From The Classroom To The Hard-courts, Mr. Hernandez Is On The Move!

Mr. Hernandez (black shirt) uses his experience on the road to teach students how to find athletic success at Day Creek.

Maximino H.

Mr. Hernandez (black shirt) uses his experience on the road to teach students how to find athletic success at Day Creek.

Arush V., Josep M., Pablo G-S., Ginny Z., and Nikki K.

Imagine teaching math all of your career before making a sudden switch to P.E. Mr. Hernandez, a former eighth-grade math and science teacher at Day Creek Intermediate, has reintroduced himself as a P.E. teacher for the 2022-2023 school year. Hernandez had been teaching within the four walls of a classroom for twenty-three years, yet it was time for something different.

“I wanted to be a P.E. teacher from the start,” said Mr. Hernandez. However, when he originally interviewed in the Etiwanda School District, a P.E. position wasn’t available. A math and science position was, so he accepted the position. Two decades have passed, and Hernandez established a long legacy of wearing a lab coat and teaching equations before making the recent switch to the hardcourts and gym. When a P.E position opened at the conclusion of the 2022 school year, he wasted little time before accepting the district’s offer.

Mr. Hernandez originally attended college at Azusa Pacific University, completing the requirements to teach P.E. “I had a minor in kinesiology, which is the study of the movement of the body,” he said. 

Mr. Hernandez knows all about taking care of himself. As a cyclist who started biking when he was in middle school, he has been cycling professionally since 2004. Hernandez has won many titles, including a recent California state championship.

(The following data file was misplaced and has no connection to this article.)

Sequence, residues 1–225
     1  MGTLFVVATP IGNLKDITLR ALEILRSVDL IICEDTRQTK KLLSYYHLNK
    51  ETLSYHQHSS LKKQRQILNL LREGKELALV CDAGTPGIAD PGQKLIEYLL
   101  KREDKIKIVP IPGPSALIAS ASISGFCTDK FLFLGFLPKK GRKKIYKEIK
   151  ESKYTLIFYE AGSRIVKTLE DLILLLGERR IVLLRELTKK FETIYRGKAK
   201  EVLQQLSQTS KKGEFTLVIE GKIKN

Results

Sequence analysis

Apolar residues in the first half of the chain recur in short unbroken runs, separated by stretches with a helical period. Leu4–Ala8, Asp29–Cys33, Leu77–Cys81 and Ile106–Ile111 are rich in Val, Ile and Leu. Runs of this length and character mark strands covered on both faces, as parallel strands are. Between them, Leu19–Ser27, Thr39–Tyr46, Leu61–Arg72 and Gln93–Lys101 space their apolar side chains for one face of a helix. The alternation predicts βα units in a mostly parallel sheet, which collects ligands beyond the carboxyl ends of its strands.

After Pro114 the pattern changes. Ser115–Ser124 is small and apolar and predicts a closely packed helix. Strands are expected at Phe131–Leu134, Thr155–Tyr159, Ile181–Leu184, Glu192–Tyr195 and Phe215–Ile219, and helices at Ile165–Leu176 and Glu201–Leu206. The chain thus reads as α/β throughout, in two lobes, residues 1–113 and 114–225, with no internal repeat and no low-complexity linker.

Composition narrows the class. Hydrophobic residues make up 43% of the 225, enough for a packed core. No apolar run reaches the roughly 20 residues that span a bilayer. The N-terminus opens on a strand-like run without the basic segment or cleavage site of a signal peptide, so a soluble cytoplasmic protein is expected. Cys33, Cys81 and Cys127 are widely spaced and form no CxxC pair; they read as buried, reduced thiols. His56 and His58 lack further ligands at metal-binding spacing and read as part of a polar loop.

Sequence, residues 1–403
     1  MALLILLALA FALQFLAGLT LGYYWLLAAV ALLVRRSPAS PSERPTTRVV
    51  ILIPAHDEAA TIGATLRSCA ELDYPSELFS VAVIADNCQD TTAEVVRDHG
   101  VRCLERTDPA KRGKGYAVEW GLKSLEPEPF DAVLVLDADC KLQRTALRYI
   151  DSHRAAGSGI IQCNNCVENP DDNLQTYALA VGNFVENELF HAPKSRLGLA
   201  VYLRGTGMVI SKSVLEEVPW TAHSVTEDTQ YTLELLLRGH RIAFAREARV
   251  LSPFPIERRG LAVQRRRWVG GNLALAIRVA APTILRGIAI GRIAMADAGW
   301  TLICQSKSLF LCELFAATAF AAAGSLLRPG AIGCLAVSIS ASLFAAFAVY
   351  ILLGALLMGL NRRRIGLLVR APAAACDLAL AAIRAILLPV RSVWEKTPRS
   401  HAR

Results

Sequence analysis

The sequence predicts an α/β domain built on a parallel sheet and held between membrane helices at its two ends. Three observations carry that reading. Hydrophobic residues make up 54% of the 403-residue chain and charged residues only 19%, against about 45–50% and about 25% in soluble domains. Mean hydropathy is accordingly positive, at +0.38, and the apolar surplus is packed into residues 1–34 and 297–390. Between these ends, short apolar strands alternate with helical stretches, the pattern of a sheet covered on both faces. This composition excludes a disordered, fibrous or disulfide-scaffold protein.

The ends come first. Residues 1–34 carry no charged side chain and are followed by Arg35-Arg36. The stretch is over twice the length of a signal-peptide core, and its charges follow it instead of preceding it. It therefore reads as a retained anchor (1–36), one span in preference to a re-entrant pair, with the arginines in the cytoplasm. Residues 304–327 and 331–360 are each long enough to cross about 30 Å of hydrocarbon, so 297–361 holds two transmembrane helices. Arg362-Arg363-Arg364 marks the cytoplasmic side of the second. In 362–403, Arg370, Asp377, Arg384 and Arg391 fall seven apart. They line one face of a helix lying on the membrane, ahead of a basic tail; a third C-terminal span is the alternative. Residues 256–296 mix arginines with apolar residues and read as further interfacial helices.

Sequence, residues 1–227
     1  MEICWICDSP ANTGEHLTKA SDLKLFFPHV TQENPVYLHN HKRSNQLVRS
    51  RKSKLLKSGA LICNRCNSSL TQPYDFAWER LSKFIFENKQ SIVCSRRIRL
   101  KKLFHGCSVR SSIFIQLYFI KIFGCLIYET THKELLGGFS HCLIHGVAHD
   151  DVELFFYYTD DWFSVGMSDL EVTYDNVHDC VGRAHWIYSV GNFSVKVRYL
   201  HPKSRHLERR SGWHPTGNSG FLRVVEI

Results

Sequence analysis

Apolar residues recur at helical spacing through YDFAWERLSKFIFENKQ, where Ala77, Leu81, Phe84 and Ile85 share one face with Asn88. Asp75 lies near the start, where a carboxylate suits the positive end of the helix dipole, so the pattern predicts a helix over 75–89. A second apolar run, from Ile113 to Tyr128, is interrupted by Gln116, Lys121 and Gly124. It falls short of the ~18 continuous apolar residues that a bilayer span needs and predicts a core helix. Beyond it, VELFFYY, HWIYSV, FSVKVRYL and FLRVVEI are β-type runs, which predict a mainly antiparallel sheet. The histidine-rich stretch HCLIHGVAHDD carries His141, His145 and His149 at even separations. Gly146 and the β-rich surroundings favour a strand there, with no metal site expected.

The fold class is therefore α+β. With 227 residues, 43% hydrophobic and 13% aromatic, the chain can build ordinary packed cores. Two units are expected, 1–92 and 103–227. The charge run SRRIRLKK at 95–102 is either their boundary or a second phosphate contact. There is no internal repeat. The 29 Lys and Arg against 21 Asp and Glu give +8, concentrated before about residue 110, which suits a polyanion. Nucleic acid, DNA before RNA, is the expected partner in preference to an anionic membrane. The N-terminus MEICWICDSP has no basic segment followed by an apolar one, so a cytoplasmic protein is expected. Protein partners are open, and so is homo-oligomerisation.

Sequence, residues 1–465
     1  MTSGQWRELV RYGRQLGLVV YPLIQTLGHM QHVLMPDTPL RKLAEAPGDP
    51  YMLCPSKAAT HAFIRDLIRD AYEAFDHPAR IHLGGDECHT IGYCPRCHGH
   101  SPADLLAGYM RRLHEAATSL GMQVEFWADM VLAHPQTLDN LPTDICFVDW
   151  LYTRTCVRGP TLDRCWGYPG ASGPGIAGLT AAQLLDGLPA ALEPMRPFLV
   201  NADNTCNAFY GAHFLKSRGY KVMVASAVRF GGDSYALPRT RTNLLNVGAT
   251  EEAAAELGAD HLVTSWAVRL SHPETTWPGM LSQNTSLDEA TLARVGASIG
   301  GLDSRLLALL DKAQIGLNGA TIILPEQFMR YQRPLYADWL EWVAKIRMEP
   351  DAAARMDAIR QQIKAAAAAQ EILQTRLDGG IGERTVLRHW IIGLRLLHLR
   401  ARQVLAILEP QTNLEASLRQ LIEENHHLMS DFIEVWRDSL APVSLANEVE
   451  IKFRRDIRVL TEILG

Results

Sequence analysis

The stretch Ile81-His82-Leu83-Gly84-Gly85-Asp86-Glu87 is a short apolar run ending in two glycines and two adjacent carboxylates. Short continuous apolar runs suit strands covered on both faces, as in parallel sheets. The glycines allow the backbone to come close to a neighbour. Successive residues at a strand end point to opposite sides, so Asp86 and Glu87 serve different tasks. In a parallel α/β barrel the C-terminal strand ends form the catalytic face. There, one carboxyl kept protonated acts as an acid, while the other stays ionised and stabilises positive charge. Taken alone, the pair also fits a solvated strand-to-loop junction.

Hernandez’s work ethic comes in handy when teaching middle school students who often struggle toward finding success. When he loses races, he shared that he grows from the loss and works hard to improve his skills. “Cycling is a sport where when you don’t win, you learn,” he said.

After his first race in 2004, “somebody on the side said that I was the strongest, most dumb bike rider they had ever seen,” Hernandez said. He quickly learned that he was using his strengths at all the wrong times. After the race, his coach offered him several pointers that he took to heart. The results for his next race? First place.

All of those years of racing have added to the knowledge Mr. Hernandez gained in college regarding rest, diet, and exercise. He recognizes how invaluable it is that P.E. teachers work to motivate students to want to stay fit. “As long as you enjoy moving, you can find ways to motivate others to move,” Hernandez said. 

Mr. Hernandez has had to adjust expectations with his recent career change. Working with a large number of kids on the courts and fields takes a different set of skills than teaching math and science in the typical classroom.

“What’s been odd is the difference between working with thirty or thirty-five students to working with two hundred to three-hundred students at a time,” said Mr. Hernandez. 

There are also benefits to the job that he didn’t initially expect. With those larger groups comes an opportunity to impact the lives of a greater number of students in a unique environment. 

“Honestly, I think that it’s building those relationships…to get to know the kids other than just a math kid or just a science kid,” Hernandez said.

And if building rapport helps encourage a stronger, faster, and healthier middle school student, then Mr. Hernandez has achieved a whole new kind of victory. 

“If we can teach you anything else in middle school, it’s to have a healthy lifestyle. You don’t have to be a pro athlete. You don’t have to be a world champion of any sort. But just learning that you can do this and have fun with your friends,” Hernandez said.